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Management of coagulation abnormalities in liver disease.

Authors
  • Potze, Wilma
  • Porte, Robert J
  • Lisman, Ton
Type
Published Article
Journal
Expert Review of Gastroenterology & Hepatology
Publisher
Informa UK (Taylor & Francis)
Publication Date
Jan 01, 2015
Volume
9
Issue
1
Pages
103–114
Identifiers
DOI: 10.1586/17474124.2014.934673
PMID: 24970667
Source
Medline
Keywords
License
Unknown

Abstract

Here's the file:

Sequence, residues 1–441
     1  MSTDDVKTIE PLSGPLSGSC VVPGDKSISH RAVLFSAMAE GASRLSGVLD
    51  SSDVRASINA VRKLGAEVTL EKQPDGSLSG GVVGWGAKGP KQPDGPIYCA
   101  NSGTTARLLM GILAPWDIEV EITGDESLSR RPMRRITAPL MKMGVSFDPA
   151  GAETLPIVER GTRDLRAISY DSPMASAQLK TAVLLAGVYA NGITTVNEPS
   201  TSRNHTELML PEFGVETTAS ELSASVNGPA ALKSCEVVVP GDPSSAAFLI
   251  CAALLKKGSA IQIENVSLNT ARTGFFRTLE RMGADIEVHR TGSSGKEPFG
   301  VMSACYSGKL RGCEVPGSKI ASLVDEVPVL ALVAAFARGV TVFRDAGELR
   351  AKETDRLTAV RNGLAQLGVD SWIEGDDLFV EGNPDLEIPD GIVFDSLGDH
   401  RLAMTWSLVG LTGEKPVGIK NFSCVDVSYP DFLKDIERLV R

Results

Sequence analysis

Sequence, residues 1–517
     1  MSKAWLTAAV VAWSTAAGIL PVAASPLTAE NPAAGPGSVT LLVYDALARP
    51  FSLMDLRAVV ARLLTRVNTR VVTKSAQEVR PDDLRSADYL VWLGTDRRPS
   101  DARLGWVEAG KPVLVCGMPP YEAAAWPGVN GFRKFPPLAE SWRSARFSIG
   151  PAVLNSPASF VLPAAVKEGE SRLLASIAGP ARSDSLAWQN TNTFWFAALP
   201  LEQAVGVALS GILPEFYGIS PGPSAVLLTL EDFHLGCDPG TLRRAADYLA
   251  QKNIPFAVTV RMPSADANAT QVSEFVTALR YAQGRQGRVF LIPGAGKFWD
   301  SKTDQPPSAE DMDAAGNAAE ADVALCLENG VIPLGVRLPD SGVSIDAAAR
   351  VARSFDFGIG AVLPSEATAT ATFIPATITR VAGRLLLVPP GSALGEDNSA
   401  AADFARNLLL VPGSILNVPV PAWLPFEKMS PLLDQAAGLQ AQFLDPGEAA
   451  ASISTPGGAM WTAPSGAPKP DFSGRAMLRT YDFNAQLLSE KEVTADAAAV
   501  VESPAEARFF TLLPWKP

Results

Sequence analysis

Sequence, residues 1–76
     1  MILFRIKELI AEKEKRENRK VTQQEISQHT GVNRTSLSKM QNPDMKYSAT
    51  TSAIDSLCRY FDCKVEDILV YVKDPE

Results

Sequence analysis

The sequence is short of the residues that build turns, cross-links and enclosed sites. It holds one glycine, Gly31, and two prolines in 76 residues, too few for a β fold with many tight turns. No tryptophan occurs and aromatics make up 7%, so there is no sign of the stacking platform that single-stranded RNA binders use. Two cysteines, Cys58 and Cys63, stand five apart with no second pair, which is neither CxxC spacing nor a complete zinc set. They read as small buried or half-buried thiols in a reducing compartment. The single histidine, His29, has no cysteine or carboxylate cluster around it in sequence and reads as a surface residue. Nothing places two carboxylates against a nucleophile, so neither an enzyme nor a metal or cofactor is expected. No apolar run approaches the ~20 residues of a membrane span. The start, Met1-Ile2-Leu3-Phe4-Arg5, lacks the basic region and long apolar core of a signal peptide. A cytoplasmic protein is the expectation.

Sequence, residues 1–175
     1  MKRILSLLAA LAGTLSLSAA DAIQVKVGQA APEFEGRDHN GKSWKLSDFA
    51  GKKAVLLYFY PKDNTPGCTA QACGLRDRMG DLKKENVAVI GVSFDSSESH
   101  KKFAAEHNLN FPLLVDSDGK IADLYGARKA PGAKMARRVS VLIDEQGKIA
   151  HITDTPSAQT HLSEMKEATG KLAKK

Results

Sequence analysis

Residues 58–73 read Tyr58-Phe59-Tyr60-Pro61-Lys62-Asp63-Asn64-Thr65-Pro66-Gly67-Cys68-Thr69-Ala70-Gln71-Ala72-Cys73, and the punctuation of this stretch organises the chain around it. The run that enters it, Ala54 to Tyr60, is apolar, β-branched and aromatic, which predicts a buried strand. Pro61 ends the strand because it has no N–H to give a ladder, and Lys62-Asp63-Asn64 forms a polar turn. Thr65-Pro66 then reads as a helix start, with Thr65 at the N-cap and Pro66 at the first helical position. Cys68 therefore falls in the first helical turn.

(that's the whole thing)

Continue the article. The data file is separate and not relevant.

Liver disease is characterized by changes in all phases of hemostasis. These hemostatic alterations were long considered to predispose patients with liver disease towards a bleeding tendency, as they are associated with prolonged conventional coagulation tests. However, these patients may also suffer from thrombotic complications, and we now know that the hemostatic system in patient with liver disease is, in fact, in a rebalanced state. In this review we discuss the concept of rebalanced hemostasis and its implications for clinical management of patients with liver disease. For instance, there is no evidence that the use of prophylactic blood product transfusion prior to invasive procedures reduces bleeding risk. Clinicians should also be aware of the possibility of thrombosis occurring in patients with a liver disease, and regular thrombosis prophylaxis should not be withheld in these patients.

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